Mumbai: The rupee bounced off the day’s lows on Friday helped by dollar inflows towards a share sale by an infrastructure firm, but weak domestic shares and the dollar’s gains overseas limited further gains.
“There were a lot of inward flows seen today, likely towards a share sale by an infrastructure company and also some other inflows as well,” said Madhusudan Somani, head of foreign exchange trading at Yes Bank.
GMR Infrastructure has raised $315 million in a share sale to mostly foreign investors, three sources with direct knowledge of the deal said on Friday.
Dealers said the inflows towards the GMR issue was likely to have been around $250-$300 million.
These inflows helped the partially convertible rupee close at 44.32/33 per dollar, off its low of 44.5850 and 0.3% stronger than its Thursday’s close of 44.44/45.
On Thursday, the rupee had touched 44.18, revisiting a 19-month high reached earlier this week. The rupee closed the week down 0.1%.
Dealers said gains in the dollar versus majors and losses in the equity market prevented further gains in the rupee.
The euro fell on Friday on concerns about how Greece will service its debt, while the dollar and the yen gained as falls in equity markets led investors to cut positions in riskier currencies.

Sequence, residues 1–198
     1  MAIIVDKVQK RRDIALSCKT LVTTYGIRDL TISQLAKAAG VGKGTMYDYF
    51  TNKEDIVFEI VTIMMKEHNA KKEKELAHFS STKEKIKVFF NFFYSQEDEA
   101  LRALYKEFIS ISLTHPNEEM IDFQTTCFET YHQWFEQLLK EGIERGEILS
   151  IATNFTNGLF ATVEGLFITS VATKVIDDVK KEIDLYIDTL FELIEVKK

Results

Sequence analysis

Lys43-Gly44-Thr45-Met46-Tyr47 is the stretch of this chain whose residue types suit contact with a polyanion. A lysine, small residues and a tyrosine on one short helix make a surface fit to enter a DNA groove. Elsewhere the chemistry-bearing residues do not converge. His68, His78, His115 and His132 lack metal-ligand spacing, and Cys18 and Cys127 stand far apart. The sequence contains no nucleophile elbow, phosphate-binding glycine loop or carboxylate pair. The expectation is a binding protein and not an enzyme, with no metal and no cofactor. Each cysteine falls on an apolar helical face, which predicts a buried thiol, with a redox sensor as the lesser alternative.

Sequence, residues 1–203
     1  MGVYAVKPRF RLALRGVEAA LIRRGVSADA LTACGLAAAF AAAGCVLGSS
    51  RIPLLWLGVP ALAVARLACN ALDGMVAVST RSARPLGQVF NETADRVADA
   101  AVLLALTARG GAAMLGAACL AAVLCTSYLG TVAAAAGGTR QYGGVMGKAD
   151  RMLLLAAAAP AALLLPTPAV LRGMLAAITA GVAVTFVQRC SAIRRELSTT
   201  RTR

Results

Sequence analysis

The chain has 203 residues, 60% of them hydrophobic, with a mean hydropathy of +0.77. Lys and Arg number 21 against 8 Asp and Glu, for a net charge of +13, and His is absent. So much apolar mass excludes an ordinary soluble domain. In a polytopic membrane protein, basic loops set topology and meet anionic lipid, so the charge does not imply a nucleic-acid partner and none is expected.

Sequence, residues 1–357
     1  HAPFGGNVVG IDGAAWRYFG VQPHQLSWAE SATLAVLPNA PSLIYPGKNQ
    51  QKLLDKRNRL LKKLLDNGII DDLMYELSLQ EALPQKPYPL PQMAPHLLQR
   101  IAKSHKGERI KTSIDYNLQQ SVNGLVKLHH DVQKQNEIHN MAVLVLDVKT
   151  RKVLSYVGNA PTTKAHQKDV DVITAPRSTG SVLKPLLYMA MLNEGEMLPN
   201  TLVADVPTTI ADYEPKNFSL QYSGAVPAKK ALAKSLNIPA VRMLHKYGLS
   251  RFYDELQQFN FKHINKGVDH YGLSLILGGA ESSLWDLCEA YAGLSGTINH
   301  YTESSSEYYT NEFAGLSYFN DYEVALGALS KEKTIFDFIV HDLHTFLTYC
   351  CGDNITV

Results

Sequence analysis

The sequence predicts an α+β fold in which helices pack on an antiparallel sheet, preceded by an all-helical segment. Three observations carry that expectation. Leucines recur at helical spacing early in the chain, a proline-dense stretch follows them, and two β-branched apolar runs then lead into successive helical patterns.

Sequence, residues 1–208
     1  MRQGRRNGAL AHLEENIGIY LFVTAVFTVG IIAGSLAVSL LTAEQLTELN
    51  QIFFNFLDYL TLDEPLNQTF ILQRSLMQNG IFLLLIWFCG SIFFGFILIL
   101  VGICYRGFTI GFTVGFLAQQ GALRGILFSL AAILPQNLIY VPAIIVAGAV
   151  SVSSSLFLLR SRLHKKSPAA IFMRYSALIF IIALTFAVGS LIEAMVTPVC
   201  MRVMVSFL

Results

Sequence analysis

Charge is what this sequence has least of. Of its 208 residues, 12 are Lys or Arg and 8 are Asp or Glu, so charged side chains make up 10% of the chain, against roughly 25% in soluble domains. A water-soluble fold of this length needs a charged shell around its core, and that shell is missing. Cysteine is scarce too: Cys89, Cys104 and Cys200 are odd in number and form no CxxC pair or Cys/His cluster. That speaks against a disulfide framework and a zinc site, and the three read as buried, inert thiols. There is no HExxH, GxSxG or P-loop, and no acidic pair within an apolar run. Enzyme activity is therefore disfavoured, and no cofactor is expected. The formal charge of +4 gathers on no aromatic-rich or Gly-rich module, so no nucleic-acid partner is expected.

Indian shares closed the week lower, its first decline in 10 weeks, after they shed 0.3% on Friday, with Reliance Industries and outsourcers leading the decline.
Foreign fund investments into the sharemarket determine the rupee’s fortune to a large extent. Foreigners have so far in 2010 bought shares worth a net $5.4 billion, adding to net inflows of a record $17.5 billion last year.
“The rupee has held well between the 44.20-44.70 range for the last 10 sessions, and this is expected to hold next week unless very aggressive rate hikes are seen at the policy, which is very unlikely,” said Vikas Chittiprolu, a senior forex dealer with state-run Andhra Bank.
India’s central bank will announce its annual monetary policy on 20 April.
A Reuters survey showed most economists expect an increase in both the repo and reverse repo rates on Tuesday. Among those expecting a rise, roughly two-thirds predicted 25 basis point increases and one-third foresaw 50 basis point hikes.
One-month offshore non-deliverable forward contracts were quoting at 44.36, a touch weaker than the onshore spot rate.
In the currency futures market, the most traded near-month dollar-rupee contracts on the National Stock Exchange and MCX-SX closed at 44.3775 and 44.3750 respectively, with the total traded volume on the two exchanges at about $8.2 billion.